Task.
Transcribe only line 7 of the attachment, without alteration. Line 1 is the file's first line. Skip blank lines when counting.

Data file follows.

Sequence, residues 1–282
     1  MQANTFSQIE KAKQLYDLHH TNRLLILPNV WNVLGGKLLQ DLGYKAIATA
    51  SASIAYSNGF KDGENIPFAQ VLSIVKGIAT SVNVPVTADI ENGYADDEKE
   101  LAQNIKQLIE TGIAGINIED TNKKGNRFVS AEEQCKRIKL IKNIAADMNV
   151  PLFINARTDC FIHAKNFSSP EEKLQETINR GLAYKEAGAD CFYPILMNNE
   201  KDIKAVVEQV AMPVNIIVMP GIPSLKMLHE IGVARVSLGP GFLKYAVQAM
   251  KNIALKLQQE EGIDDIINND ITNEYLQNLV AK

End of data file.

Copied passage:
   251  KNIALKLQQE EGIDDIINND ITNEYLQNLV AK